The Microbial Loop at the Surface of a Peatland:Structure, Function, and Impact of Nutrient Input
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- Gilbert, D., Amblard, C., Bourdier, G. et al. Microb Ecol (1998) 35: 83. doi:10.1007/s002489900062
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The aim of this study was to assess the structure and function of the microbial loop in a peatland of the French Massif central, and the impact of fertilization on the different microbial communities.
In terms of biomass, testate Amoeba (48% of the total microbial biomass), heterotrophic bacteria (15%), cyanobacteria (14%) and Bacillariophyceae (13%) were the dominant groups of microorganisms. Other microalgae (7%), ciliates (2%) and heterotrophic flagellates (1%) accounted for only a low proportion of total microbial biomass. The relative importance of heterotrophic microorganisms was higher than in marine or lacustrine environments. In addition, ciliates and heterotrophic flagellates only constituted a small proportion of the total protozoan biomass, which was heavily dominated by testate amoeba. Thus, the structure of the protist community in the subaquatic peatland was completely different from that reported for lakes or marine environments.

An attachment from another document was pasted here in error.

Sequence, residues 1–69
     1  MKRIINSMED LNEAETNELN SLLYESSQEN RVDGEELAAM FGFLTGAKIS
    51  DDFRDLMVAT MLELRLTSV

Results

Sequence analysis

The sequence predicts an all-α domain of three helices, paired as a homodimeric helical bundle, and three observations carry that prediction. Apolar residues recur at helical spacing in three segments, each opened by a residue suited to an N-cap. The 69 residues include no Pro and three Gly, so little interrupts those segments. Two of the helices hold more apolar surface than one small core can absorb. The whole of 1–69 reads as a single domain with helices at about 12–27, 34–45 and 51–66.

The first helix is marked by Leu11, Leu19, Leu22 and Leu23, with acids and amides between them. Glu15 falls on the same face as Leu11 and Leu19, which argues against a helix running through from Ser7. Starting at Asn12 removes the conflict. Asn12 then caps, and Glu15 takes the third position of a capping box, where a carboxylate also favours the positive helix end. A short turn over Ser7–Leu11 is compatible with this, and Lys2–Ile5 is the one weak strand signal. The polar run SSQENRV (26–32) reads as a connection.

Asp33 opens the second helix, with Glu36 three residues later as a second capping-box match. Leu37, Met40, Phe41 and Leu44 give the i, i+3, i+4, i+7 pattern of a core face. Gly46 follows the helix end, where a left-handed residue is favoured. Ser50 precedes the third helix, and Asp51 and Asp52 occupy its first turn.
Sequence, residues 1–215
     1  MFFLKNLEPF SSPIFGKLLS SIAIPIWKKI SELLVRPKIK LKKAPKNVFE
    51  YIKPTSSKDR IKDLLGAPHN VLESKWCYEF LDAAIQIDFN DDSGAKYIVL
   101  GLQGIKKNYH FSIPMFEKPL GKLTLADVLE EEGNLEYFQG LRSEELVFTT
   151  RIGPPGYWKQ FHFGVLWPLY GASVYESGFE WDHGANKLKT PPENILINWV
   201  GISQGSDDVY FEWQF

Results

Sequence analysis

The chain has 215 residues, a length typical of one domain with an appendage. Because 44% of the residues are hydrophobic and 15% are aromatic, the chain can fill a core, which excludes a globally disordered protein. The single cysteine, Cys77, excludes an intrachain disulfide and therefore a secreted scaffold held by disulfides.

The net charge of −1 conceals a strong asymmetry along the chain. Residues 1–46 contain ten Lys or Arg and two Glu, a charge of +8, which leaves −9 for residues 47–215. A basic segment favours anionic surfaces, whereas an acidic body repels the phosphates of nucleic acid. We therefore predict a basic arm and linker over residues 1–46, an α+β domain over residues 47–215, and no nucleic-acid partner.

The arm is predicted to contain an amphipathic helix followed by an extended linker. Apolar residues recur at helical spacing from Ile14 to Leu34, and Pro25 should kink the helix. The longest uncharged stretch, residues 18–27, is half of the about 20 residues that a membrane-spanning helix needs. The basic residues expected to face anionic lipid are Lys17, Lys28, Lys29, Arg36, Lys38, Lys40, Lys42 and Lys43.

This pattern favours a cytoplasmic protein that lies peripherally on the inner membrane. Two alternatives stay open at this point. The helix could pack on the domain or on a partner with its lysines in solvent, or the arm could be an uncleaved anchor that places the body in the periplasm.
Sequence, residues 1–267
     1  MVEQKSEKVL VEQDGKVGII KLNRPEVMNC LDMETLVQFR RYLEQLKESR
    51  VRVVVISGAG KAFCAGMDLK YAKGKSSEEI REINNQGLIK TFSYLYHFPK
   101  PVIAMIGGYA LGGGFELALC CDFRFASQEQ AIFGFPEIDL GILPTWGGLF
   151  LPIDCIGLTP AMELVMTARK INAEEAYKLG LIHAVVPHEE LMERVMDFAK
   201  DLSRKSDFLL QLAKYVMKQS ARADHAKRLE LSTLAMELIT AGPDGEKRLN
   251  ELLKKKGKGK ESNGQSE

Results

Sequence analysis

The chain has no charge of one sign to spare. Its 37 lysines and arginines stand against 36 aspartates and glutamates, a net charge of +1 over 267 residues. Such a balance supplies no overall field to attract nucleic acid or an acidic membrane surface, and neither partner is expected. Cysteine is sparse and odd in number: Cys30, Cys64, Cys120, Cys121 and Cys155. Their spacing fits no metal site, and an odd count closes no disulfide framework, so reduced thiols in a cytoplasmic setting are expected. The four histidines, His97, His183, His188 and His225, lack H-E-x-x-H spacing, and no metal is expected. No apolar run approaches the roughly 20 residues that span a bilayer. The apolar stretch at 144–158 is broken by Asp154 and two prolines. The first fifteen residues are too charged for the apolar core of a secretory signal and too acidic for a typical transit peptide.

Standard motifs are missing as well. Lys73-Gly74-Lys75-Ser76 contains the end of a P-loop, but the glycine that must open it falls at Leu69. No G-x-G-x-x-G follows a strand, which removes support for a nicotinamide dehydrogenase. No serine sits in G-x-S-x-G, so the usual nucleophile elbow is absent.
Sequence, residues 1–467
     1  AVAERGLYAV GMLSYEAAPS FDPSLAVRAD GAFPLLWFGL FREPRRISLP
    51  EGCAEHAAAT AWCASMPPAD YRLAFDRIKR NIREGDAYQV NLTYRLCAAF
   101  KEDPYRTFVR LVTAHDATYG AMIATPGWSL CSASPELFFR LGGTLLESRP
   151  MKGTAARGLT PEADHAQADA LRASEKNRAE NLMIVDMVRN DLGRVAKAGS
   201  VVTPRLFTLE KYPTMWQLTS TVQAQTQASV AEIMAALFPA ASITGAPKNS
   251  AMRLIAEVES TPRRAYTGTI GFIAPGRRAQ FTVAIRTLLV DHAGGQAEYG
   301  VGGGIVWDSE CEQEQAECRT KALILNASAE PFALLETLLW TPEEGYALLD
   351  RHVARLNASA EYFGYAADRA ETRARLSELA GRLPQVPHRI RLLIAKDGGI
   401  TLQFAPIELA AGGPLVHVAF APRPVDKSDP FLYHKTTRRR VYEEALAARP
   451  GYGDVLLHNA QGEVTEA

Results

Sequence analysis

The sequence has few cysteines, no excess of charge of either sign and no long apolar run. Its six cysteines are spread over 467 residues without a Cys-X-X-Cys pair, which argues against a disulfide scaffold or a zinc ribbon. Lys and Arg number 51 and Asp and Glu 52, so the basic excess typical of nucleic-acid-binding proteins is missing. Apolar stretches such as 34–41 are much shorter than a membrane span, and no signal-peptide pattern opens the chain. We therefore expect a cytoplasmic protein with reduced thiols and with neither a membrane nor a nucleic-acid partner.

In other aspects, the supply of nutrients (PKCa and NPKCa) resulted in increases of the relative biomasses of heterotrophic bacteria, Bacillariophyceae, and ciliates and by a decrease in the relative proportion of testate amoeba and of other microalgae.